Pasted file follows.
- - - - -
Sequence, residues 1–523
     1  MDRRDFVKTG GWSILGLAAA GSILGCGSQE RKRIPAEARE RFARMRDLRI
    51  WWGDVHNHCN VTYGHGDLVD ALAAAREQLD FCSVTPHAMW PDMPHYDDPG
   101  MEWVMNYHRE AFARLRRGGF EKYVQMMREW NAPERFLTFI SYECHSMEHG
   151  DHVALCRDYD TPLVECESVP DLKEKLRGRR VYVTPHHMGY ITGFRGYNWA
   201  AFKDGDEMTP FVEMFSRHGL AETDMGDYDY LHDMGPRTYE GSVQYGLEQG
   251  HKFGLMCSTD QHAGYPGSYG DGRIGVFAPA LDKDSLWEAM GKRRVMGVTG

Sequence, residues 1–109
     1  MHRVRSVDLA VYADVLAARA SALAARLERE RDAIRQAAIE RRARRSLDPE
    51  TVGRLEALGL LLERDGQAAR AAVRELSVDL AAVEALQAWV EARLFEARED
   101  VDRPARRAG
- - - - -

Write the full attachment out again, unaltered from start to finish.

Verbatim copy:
Sequence, residues 1–523
     1  MDRRDFVKTG GWSILGLAAA GSILGCGSQE RKRIPAEARE RFARMRDLRI
    51  WWGDVHNHCN VTYGHGDLVD ALAAAREQLD FCSVTPHAMW PDMPHYDDPG
   101  MEWVMNYHRE AFARLRRGGF EKYVQMMREW NAPERFLTFI SYECHSMEHG
   151  DHVALCRDYD TPLVECESVP DLKEKLRGRR VYVTPHHMGY ITGFRGYNWA
   201  AFKDGDEMTP FVEMFSRHGL AETDMGDYDY LHDMGPRTYE GSVQYGLEQG
   251  HKFGLMCSTD QHAGYPGSYG DGRIGVFAPA LDKDSLWEAM GKRRVMGVTG

Sequence, residues 1–109
     1  MHRVRSVDLA VYADVLAARA SALAARLERE RDAIRQAAIE RRARRSLDPE
    51  TVGRLEALGL LLERDGQAAR AAVRELSVDL AAVEALQAWV EARLFEARED
   101  VDRPARRAG